3. Jonathan Stone

    Alon, you say you hate ‘incremental”. But as you say, most politicians do “incremental”.

    Couldn’t all your proposed curve easements within the existing ROW, be done incrementally? And sections of variable-tension catenary be upgraded to constant-tension, “incrementally”? That avoids having to get the entire $15bn up front. For example, if the Cos Cob bridge needs to be replaced anyway, can it be done as an “incremental” project — or is that a dumb question?

    Have you considered calculating the time saved by various steps in this proposal — curve easements, rebuilding Shell Interlocking into a flying junction(from your 2018 post) — and dividing by cost, to get a ranking of seconds-saved-per-$100m? Time saved goes as the square of the speed difference (per Clem Tillier, https://caltrain-hsr.blogspot.com/2009/01/top-10-worst-curves.html). If you compare those numbers to the same metric for the NEC Future Vision plans, you’d have a pretty powerful argument for where to prioritize any available funds. And in pieces doable in chunks of few hundreds of millions of dollars, too.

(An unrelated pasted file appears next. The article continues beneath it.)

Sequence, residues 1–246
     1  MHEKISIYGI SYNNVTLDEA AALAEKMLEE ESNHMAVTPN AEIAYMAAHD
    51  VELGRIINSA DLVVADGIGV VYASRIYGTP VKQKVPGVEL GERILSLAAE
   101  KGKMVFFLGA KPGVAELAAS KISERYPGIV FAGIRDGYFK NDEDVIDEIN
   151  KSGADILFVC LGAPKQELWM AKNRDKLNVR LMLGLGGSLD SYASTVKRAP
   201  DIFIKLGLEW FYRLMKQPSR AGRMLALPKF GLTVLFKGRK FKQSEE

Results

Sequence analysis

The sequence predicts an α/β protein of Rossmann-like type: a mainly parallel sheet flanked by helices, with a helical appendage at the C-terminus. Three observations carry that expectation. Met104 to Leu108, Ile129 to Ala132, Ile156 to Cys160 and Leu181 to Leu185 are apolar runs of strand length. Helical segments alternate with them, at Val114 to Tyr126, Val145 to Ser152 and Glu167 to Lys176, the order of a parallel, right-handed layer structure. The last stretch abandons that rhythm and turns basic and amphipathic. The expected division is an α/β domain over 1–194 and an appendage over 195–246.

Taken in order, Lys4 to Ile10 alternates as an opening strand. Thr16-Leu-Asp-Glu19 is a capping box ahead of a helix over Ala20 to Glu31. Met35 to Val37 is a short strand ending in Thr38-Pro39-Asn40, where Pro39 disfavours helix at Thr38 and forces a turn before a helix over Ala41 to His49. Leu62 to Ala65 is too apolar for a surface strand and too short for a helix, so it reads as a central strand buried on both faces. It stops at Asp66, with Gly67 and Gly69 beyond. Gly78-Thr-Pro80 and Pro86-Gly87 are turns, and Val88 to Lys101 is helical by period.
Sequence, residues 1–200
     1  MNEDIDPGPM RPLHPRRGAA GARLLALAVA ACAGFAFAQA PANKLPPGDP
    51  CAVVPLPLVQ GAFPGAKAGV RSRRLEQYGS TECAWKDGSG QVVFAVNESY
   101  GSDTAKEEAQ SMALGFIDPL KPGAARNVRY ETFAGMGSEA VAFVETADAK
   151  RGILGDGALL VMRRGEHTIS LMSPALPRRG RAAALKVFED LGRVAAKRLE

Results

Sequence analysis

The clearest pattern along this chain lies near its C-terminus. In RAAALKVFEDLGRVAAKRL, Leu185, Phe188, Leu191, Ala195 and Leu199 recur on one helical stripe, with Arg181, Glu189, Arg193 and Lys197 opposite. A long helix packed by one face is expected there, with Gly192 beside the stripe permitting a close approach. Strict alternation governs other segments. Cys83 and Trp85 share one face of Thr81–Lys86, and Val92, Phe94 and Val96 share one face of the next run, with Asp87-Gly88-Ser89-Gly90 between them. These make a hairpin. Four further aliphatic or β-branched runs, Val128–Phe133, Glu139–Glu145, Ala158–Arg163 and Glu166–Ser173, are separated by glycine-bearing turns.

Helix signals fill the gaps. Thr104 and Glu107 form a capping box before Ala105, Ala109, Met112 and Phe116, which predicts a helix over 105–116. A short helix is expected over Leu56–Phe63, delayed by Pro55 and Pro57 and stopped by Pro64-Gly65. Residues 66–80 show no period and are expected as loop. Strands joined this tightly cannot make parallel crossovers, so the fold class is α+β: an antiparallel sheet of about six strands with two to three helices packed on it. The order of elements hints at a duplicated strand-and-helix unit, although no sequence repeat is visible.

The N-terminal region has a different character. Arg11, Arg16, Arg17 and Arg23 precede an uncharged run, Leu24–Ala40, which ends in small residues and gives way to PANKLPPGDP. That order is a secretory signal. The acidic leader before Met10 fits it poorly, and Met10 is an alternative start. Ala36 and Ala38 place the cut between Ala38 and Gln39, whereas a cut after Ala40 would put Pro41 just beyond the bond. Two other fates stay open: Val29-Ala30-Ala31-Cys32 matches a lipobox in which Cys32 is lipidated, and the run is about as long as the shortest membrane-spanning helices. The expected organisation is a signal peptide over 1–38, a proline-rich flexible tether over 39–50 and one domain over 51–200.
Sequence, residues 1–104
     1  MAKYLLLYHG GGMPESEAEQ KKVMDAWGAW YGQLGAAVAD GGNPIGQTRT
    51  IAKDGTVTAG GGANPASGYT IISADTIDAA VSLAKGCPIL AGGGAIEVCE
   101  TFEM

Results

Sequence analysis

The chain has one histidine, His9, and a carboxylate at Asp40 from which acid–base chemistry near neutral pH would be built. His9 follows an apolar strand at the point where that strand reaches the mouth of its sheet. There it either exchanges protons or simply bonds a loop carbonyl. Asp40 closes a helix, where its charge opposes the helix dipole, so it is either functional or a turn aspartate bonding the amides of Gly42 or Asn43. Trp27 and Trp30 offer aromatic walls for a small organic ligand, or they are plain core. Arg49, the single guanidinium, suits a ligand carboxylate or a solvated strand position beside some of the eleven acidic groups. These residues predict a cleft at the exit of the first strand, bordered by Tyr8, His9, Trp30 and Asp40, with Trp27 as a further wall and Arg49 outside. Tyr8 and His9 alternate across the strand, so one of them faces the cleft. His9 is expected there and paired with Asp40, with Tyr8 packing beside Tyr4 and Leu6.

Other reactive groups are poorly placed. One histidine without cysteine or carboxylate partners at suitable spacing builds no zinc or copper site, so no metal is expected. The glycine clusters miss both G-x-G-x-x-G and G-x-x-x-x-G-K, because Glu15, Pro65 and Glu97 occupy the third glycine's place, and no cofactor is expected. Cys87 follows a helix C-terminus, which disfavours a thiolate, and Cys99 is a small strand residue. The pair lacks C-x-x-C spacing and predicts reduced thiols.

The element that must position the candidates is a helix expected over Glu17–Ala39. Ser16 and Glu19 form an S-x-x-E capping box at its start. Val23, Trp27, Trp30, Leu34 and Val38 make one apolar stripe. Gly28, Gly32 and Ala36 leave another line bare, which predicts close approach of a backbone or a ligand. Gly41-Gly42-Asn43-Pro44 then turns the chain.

• Alon Levy

      Americans are talking about a multi-trillion dollar stimulus. Even in 2009, when the Obama administration took great pains to stay under $1 trillion even though Larry Summers was trying to recommend $1.2 trillion, Amtrak was asking for $10 billion for minor improvements, including the SOGR black hole (Amtrak’s chair at the time, Joe Boardman, had been appointed in the Bush era because he was willing to defer maintenance to look more profitable on paper, which his predecessor David Gunn wasn’t).